Decompressive laparotomy for refractory intracranial hypertension after traumatic brain injury

Jon D. Dorfman, Joseph D. Burns*, Deborah M. Green, Christina DeFusco, Suresh Agarwal

*Corresponding author for this work

Research output: Contribution to journalArticlepeer-review

14 Scopus citations


Background Intracranial hypertension is a crucial modifiable risk factor for poor outcome after traumatic brain injury (TBI). Limited evidence suggests that decompressive laparotomy may be an effective treatment for refractory ICH in patients who have elevated intraabdominal pressure. Methods Case report. Results We present a multi-trauma patient who sustained severe TBI in a motor vehicle collision. Intracranial pressure (ICP) was initially medically managed but became refractory to standard therapies. Emergent decompressive laparotomy performed in the surgical intensive care unit for abdominal compartment syndrome concomitantly improved the patient's ICP. Conclusions Elevated intra-abdominal pressure can exacerbate intracranial hypertension in patients with TBI. Recognition of this condition and treatment with decompressive laparotomy may be useful in patients with intracranial hypertension refractory to optimal medical therapy.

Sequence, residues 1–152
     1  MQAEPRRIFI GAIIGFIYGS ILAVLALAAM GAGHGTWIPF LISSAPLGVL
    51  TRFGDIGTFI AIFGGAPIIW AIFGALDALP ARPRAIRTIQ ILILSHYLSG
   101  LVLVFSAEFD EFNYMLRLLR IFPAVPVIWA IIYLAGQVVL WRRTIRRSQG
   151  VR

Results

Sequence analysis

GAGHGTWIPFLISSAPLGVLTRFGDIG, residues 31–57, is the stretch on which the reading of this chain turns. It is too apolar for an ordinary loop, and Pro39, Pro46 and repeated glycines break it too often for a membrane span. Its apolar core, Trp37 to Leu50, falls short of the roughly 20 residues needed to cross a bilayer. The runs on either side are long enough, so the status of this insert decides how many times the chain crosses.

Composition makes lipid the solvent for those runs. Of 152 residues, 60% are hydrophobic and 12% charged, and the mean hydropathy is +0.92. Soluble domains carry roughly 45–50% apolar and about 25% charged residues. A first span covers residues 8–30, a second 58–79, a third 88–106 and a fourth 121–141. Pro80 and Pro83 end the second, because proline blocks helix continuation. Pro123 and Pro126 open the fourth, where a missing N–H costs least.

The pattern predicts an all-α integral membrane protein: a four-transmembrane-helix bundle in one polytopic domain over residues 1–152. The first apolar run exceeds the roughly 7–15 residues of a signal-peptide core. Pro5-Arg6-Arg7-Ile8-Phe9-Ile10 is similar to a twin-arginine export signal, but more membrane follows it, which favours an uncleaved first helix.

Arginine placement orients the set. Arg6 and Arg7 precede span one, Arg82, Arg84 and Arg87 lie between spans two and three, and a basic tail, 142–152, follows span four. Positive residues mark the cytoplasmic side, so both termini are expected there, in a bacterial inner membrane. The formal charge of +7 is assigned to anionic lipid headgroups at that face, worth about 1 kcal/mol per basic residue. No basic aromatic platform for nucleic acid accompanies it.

Original languageEnglish
Pages (from-to)516-518
Number of pages3
JournalNeurocritical Care
Issue number3
StatePublished - Dec 2011
Externally publishedYes


  • Intra-abdominal hypertension
  • Intracranial hypertension
  • Traumatic brain injury


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